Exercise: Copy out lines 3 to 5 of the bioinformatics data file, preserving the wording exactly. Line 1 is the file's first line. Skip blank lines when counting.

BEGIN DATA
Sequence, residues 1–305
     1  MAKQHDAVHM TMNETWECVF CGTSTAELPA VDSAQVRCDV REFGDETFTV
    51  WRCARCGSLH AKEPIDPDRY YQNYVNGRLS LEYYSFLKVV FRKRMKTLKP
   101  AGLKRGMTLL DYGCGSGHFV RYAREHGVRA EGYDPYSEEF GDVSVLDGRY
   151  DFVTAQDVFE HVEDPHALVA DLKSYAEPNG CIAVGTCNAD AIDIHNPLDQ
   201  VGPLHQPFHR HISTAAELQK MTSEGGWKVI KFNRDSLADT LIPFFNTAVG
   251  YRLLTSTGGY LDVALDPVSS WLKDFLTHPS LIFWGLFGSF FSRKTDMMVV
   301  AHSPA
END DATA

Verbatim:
    51  WRCARCGSLH AKEPIDPDRY YQNYVNGRLS LEYYSFLKVV FRKRMKTLKP
   101  AGLKRGMTLL DYGCGSGHFV RYAREHGVRA EGYDPYSEEF GDVSVLDGRY
   151  DFVTAQDVFE HVEDPHALVA DLKSYAEPNG CIAVGTCNAD AIDIHNPLDQ